What is Freedom?

DiscipleChurch Family and Friends:

There has been much acrimony, and very little communication, about “freedom” the past 16 days.

I read a letter in the Star-Telegram two days ago that concluded: “If we continue on our current path, your grandchildren will be wards of the state. Your great grandchildren will then be servants of the state.”

For this gentleman (whom I do not know, so am just inferring from his letter), the freedom to be valued and guarded most is freedom from government—freedom from a government mandated health care system, freedom from taxes and government regulation, freedom from the dependence that he believes comes from government entitlements.

But for my clients, the freedom that is desired most is freedom from poverty—freedom from hunger, from chronic, untreated disease, from violence, from hopelessness and from exclusion.

We might be aware that choosing a freedom for ourselves as citizens through the democratic process, involves a loss of freedom for others. It seems that the gentleman who wrote the letter would choose freedom from government mandated health insurance at the cost to many, and maybe even to himself, of being trapped in a treatable but untreated illness. You pay a price for the freedoms I choose successfully, and I pay a price for those you choose successfully. If we acknowledged that to one another, along with our dependence upon and duty to one another, we might be communicating more, and insulting one another less.

Paul had a great deal to say about freedom, from which we all could learn. Freedom was in many ways the essence of his gospel.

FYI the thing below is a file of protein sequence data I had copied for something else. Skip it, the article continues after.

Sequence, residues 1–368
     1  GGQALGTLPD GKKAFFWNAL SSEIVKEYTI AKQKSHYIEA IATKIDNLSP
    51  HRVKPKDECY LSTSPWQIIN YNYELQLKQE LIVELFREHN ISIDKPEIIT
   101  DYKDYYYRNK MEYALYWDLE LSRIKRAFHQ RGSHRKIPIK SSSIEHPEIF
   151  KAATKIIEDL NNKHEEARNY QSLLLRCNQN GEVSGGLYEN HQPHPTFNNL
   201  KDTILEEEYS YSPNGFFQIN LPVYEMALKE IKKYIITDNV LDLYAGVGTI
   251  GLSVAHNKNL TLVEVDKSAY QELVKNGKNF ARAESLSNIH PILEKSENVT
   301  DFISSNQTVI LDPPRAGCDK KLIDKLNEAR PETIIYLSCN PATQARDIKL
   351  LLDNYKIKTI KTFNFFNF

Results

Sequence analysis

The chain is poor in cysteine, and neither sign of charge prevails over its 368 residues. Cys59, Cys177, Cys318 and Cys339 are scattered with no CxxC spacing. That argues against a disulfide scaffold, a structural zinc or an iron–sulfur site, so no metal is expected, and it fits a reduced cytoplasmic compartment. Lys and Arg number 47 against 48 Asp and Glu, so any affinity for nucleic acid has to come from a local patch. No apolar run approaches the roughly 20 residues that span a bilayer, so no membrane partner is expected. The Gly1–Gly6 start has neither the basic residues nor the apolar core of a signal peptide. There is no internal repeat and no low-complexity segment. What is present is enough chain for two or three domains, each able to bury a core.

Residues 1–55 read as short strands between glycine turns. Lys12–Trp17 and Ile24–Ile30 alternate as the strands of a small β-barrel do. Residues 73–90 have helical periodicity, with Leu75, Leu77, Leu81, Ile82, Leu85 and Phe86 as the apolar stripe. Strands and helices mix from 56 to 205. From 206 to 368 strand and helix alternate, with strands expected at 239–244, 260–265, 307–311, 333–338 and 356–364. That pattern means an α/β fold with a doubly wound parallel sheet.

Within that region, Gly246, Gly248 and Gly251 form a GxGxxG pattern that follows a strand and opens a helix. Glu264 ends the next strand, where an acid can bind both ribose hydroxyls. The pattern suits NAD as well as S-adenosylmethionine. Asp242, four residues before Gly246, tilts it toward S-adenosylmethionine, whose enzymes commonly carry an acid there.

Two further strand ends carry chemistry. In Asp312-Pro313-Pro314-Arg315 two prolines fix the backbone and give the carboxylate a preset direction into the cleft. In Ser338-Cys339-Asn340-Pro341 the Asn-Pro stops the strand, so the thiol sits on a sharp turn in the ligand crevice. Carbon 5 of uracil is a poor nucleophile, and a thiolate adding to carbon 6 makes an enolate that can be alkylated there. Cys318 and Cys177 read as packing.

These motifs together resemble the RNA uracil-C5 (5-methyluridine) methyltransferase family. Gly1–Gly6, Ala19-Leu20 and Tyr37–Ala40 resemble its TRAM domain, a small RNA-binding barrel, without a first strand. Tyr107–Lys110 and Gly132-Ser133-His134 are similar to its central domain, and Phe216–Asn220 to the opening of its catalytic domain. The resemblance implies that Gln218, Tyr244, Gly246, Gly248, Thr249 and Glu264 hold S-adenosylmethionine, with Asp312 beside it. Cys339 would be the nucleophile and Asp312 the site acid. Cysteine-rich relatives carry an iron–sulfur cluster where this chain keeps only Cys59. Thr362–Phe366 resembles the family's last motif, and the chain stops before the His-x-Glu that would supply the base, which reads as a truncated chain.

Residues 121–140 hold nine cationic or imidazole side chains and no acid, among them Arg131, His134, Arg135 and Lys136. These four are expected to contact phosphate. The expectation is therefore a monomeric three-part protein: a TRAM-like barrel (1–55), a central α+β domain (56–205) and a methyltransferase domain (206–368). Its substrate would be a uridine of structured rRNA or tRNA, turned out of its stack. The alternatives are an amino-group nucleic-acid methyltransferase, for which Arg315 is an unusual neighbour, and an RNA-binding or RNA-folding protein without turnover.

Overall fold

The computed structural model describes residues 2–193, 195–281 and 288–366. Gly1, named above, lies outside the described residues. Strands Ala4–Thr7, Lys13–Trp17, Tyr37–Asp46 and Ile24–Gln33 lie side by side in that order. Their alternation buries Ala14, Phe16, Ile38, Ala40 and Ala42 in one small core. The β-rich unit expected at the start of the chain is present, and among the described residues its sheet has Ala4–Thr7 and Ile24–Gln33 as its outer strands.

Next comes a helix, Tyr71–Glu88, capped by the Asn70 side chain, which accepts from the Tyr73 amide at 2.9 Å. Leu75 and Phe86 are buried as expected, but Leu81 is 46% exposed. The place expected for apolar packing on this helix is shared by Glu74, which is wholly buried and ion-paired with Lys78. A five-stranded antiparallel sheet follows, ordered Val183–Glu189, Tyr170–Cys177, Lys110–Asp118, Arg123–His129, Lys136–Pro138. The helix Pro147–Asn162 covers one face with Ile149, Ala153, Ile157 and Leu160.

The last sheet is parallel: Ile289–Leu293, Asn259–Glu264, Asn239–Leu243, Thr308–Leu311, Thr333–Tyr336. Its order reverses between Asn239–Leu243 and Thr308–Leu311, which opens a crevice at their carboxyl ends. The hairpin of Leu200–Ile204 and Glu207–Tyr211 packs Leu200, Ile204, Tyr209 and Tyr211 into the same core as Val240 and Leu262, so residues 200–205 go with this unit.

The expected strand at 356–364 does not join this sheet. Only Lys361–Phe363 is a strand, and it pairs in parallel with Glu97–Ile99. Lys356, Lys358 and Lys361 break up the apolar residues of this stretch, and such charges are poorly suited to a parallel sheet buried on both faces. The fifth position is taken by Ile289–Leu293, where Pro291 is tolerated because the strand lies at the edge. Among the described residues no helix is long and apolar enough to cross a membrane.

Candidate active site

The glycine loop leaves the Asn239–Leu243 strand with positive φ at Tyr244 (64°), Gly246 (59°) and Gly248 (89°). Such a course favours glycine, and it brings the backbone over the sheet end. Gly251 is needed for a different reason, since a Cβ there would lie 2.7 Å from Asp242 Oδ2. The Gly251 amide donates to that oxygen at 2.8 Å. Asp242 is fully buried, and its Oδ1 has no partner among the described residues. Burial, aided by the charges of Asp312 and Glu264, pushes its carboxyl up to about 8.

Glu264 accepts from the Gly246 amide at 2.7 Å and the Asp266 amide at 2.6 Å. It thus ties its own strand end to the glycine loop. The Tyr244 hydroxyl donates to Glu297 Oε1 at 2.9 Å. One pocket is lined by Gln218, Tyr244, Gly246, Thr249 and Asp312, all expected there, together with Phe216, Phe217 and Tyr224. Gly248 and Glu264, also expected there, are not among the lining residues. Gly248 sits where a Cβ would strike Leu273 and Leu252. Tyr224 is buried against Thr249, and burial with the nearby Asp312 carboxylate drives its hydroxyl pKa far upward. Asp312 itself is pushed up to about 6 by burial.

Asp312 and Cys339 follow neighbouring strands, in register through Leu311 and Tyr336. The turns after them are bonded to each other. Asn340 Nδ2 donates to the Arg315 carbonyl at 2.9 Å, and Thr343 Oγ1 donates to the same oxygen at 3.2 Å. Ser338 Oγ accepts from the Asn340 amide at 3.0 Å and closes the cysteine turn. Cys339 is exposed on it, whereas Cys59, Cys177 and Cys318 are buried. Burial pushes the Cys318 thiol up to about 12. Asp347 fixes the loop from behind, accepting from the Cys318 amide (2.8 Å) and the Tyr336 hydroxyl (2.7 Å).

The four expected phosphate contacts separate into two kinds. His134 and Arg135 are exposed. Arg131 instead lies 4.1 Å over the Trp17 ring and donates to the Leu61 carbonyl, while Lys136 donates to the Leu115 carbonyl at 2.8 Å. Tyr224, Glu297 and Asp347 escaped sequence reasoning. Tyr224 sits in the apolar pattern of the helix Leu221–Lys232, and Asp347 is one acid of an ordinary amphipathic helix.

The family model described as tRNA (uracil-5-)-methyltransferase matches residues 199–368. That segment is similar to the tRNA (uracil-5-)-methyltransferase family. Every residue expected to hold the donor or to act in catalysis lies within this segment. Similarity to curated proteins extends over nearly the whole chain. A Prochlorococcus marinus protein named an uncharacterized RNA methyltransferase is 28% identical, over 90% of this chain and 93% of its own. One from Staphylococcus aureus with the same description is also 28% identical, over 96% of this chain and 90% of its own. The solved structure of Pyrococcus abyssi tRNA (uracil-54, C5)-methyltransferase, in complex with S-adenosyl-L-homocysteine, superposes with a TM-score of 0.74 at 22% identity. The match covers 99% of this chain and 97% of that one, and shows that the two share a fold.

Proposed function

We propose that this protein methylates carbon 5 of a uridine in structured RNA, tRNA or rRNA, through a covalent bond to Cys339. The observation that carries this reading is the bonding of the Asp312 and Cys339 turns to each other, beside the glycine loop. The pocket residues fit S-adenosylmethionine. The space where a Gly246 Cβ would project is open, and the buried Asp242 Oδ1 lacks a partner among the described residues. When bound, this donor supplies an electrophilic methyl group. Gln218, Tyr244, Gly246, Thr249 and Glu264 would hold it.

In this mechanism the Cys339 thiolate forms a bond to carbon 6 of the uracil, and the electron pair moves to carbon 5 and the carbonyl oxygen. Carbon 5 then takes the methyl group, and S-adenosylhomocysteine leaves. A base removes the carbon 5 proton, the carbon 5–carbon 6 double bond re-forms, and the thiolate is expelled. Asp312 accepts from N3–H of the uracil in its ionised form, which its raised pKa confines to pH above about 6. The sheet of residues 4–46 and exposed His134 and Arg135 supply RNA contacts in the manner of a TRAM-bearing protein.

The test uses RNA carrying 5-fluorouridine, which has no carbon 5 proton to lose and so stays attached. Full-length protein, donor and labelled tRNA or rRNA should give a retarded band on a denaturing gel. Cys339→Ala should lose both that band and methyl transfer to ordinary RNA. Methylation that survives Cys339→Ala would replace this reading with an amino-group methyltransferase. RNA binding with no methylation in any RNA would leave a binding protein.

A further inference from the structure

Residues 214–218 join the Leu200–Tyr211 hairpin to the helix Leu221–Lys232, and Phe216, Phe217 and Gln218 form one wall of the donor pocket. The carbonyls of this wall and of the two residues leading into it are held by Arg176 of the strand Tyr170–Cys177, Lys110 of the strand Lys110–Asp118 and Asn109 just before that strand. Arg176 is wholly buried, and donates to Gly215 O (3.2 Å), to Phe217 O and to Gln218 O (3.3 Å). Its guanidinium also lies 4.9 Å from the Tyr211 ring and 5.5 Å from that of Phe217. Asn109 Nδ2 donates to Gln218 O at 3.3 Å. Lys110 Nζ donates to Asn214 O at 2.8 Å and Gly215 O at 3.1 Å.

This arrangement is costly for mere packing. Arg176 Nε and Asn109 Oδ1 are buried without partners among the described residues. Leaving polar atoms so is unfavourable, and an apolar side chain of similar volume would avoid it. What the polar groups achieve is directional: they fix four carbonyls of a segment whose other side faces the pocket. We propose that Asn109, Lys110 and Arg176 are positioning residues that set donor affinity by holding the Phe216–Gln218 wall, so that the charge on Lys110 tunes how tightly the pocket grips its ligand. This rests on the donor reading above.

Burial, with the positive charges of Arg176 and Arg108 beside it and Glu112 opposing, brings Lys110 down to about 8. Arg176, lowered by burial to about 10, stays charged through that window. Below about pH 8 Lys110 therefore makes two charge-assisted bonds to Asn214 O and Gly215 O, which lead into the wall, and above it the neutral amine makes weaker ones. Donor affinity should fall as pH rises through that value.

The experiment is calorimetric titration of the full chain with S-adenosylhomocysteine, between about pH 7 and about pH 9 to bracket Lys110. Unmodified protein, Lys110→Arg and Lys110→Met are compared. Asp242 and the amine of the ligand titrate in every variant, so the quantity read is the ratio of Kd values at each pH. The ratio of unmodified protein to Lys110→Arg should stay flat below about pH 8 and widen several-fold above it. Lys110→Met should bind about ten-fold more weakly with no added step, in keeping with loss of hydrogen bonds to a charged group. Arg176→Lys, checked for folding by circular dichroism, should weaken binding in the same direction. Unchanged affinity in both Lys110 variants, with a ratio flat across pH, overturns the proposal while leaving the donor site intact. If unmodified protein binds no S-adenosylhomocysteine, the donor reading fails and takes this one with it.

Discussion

“Now the Lord is the Spirit, and where the Spirit of the Lord is, there is freedom.” 2 Corinthians 3.17

“For you were called to freedom, brothers and sisters…” Galatians 5.13.

“But because of false believers secretly brought in, who slipped in to spy on the freedom we have in Jesus Christ, so that they might enslave us…”    Galatians 2.4.

“Formerly, when you did not know, you were enslaved to beings that by nature are not gods…How can you turn back to the weak and beggarly elemental spirits? How can you want to be enslaved to them again?” Galatians 4.8-9

“For freedom Christ has set us free. Stand firm, therefore, and do not submit again to a yoke of slavery.” Galatians 5.1

Sunday, I invite us to consider Paul’s good news of freedom, how his experience of freedom applies to us, what you and I yearn and need to free of, and how we obtain that freedom. As we shall see, Paul wrote about much, much more than freedom from the consequences of our own sins.

Can we be free of the “weal and beggarly elemental spirits” around us, of those beings and institutions that pretend to be god? Can we obtain the freedom to be authentically ourselves? Just me, just you, standing naked as single souls before and with God? Can we be free of what Paul called the “elemental spirits,” the “beings that by nature are not gods,” whatever their pretense and claims? I mean, can we ever really be free?

Let me leave you with this until Sunday. Flannery O’Connor was Thomas Merton’s favorite fiction writers, because of all the wounded, quirky characters that appear in her work and because she understood the gospel so very well, an understanding that pervaded her writing. In one of O’Connor’s novels, The Violent Bear it Away, old Moses Tarwater yearns for freedom from those whom he believes are trying to control him and his mind and soul, setting themselves up as gods. He says to his great nephew Francis Marion Tarwater: “I saved you to be free, to be your own self. Not some thought, some piece of information inside some school teacher’s head.” Later in the book, his nephew Francis says: ” You can’t just say NO. You got to do NO…You got to show you’re not going to do one thing by doing another.”

Your brother, Brooks


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